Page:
- Equity rally continues, Dow poised for all-time high. U.S. equities opened higher this morning, tracking advances in Asia and Europe, in a continuation of yesterday’s trend which saw the S&P 500 overcome steep overnight losses in the futures market following the U.S. election to close over 1% higher in the regular session; though sector performance varied greatly as rate-sensitive utilities (-3.7%) and real estate (-2.3%) suffered due to the fixed income selloff, while financials (+4.1%) and healthcare (+3.4%) spiked on heightened expectations of an easing regulatory environment. Overnight in Asia, the Nikkei rocketed nearly 7% higher, recovering all of its losses from the prior day, while other indexes also closed green: Korea and Taiwan rose more than 2% and China’s Shanghai Composite advanced 1.4%. The risk-on sentiment carried over to European markets, which have tacked on to yesterday’s gains. Turning to commodities, WTI crude oil ($44.80/barrel) is down over 1% while COMEX gold ($1265/oz.) remains below its 200-day moving average after a volatile session on Wednesday. Meanwhile, the dollar continues to reach for nine-month highs, and the post-election bond selloff has pushed the yield on the 10-year Treasury note (2.11%) to its highest levels since January.
- Over the last month, the LPL Financial Current Conditions Index (CCI) fell three points to 213. The CCI has risen well off early-year lows and remains in the range it has held for most of the current expansion. An increase in the VIX (a measure of stock market volatility) heading into the final weeks of the election and slower retail sales were the main detractors from the CCI in October, while an increase in shipping traffic made the largest positive contribution.
- Big day after the election. The S&P 500 gained 1.1% the day after the election, for only its second 1% gain during the past two months – but second this week. The S&P 500 gained for the third consecutive day for the first time since September 22 and hasn’t been up four straight days since a five-day win streak ended in mid-July. In fact, the S&P 500 is now up 3.7% for the week, which would be the best weekly gain of the year. It closed only 1.2% away from new highs as well. The Dow, meanwhile, closed only 49 points, or 0.25% away from new highs. With futures higher, the Dow has a shot at closing at a new all-time high for the first time in nearly three months (August 16).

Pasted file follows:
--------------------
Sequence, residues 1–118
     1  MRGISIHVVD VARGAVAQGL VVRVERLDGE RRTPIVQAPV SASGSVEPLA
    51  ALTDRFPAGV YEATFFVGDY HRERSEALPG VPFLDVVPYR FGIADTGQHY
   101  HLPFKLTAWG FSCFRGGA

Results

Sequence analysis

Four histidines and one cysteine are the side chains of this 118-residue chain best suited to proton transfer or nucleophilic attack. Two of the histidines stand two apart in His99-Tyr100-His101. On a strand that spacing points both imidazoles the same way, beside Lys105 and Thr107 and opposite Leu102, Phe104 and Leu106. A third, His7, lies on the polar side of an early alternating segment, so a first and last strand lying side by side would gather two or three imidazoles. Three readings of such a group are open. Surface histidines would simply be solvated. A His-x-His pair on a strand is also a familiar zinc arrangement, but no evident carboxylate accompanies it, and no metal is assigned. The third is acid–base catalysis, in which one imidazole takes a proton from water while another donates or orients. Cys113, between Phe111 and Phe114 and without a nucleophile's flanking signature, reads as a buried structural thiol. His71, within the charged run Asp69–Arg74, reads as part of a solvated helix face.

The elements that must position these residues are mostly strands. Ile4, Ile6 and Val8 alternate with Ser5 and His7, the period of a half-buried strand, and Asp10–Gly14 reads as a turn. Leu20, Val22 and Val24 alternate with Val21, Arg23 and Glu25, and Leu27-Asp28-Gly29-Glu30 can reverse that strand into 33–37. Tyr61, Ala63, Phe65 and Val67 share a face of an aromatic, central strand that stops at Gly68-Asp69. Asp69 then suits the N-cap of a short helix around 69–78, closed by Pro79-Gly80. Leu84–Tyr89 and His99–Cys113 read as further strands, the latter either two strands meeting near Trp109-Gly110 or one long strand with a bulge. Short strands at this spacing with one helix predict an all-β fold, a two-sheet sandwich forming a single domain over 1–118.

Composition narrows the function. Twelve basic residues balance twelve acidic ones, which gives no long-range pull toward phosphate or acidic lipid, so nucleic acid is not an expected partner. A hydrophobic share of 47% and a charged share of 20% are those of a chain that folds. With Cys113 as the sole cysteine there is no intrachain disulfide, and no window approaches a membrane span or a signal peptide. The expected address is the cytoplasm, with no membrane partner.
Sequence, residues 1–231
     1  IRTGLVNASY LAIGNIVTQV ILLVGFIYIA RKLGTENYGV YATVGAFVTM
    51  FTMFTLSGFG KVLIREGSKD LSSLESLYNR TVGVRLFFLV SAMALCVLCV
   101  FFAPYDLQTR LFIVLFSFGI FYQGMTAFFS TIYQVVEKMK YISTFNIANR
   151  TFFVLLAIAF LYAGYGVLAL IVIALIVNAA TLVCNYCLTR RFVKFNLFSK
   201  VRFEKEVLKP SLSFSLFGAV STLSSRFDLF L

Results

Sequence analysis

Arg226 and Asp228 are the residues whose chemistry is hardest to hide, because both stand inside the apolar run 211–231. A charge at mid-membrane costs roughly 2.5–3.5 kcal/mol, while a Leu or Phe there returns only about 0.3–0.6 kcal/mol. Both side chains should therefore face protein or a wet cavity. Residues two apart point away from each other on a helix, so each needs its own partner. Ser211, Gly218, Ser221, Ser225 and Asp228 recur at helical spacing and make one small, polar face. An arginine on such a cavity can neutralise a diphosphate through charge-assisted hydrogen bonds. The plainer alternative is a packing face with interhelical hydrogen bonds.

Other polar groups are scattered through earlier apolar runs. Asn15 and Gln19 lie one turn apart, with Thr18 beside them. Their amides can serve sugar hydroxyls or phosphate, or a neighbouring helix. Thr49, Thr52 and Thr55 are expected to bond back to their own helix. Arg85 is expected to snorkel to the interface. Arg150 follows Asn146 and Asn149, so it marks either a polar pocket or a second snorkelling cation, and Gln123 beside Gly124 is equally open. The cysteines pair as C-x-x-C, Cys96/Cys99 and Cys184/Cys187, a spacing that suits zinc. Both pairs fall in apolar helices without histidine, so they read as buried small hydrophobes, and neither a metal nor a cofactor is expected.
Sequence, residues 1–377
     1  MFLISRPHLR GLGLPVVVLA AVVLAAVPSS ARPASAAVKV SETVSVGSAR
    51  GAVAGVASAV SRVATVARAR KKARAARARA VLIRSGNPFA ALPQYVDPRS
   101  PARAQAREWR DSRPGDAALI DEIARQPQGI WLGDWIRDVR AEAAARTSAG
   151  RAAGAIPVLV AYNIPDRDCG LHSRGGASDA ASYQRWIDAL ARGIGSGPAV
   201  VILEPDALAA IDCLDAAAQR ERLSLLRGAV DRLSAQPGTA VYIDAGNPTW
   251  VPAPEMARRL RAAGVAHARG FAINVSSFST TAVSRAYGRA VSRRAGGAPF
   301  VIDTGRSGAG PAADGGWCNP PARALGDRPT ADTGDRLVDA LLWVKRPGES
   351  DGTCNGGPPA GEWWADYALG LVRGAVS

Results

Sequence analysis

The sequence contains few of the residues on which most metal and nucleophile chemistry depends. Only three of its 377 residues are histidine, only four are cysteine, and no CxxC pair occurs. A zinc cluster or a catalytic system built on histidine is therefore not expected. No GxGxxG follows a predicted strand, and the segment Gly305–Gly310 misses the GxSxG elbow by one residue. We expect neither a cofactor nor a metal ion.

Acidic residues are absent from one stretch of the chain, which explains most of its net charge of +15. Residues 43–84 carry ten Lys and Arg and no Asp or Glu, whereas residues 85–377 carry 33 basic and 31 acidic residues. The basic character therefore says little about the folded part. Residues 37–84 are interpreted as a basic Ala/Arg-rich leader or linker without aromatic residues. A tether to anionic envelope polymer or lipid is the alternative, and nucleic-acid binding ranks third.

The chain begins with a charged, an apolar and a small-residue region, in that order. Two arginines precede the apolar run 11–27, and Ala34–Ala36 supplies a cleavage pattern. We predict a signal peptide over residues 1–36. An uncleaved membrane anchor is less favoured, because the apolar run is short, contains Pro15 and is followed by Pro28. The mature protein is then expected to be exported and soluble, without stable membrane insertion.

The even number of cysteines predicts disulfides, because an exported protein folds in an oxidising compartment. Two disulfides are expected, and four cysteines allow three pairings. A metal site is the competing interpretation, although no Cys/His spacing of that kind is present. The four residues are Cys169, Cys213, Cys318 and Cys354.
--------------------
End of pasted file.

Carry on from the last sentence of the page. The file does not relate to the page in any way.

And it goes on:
- Volatility imploded. The CBOE Volatility Index (VIX), better known as the fear gauge, had a record run up of nine consecutive higher days leading up to the election. Yesterday, with the election uncertainty out of the way, it imploded and sank 23.3%. This was the largest one-day drop in more than five years and the 7th largest drop all-time. As quickly as fear can build up, if the worst case doesn’t materialize, fear will dissipate just as quickly.
- Market outlook (as of 11/9/16). Following the surprising election victory by Donald Trump, we reiterate our expectation that stocks will produce mid-single-digit returns for the full year, as discussed in our Midyear Outlook 2016 publication, based on an expected late-year earnings rebound, a modest pickup in global growth, stable oil prices, and a largely range-bound U.S. dollar. That said, we continue to expect volatility to increase given the policy uncertainty in the U.S. and amid continued geopolitical risk overseas and an aging business cycle. Although the Trump victory may put incremental upward pressure on interest rates, we continue to expect modest positive bond market performance for the full year 2016 (based on the Barclays Aggregate Bond Index). We believe a Federal Reserve Bank (Fed) rate hike in December of 2016 remains more likely than not amid gradually rising inflation, suggesting that bonds may give back some of their year-to-date gains through year end.
- Monthly Budget Statement (Oct)
- Bullard (Hawk)
- Malaysia : GDP (Q3)
- Consumer Sentiment and Inflation Expectations (Nov)
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Past performance is no guarantee of future results.
The economic forecasts set forth in the presentation may not develop as predicted.